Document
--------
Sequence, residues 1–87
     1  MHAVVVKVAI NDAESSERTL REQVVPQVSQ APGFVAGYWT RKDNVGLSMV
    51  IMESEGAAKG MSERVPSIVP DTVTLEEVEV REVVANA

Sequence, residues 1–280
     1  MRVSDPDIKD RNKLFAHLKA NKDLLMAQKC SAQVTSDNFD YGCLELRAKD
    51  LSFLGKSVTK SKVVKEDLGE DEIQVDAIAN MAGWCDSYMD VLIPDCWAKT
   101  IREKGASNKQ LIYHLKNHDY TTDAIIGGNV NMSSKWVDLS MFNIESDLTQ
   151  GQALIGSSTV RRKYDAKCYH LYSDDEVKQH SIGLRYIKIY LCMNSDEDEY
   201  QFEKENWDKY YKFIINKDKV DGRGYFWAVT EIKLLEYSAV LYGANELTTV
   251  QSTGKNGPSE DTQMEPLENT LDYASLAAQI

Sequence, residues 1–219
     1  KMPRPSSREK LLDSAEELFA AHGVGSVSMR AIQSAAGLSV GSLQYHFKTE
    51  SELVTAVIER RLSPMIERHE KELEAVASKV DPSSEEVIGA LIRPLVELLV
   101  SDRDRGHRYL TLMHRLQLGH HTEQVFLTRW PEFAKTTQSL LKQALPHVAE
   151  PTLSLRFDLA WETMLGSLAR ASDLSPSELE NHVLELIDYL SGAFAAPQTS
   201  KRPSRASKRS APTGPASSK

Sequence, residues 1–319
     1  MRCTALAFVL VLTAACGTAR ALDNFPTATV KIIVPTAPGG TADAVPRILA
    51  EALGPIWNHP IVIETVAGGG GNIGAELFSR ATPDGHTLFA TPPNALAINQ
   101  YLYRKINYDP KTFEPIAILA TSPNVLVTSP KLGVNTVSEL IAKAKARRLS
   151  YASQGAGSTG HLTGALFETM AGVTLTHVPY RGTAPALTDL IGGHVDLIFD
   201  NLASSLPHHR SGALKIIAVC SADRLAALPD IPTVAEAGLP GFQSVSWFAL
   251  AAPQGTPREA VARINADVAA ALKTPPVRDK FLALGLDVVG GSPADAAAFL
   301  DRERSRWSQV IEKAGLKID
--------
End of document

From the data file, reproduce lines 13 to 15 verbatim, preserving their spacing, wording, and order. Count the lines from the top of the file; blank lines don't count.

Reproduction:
    51  SELVTAVIER RLSPMIERHE KELEAVASKV DPSSEEVIGA LIRPLVELLV
   101  SDRDRGHRYL TLMHRLQLGH HTEQVFLTRW PEFAKTTQSL LKQALPHVAE
   151  PTLSLRFDLA WETMLGSLAR ASDLSPSELE NHVLELIDYL SGAFAAPQTS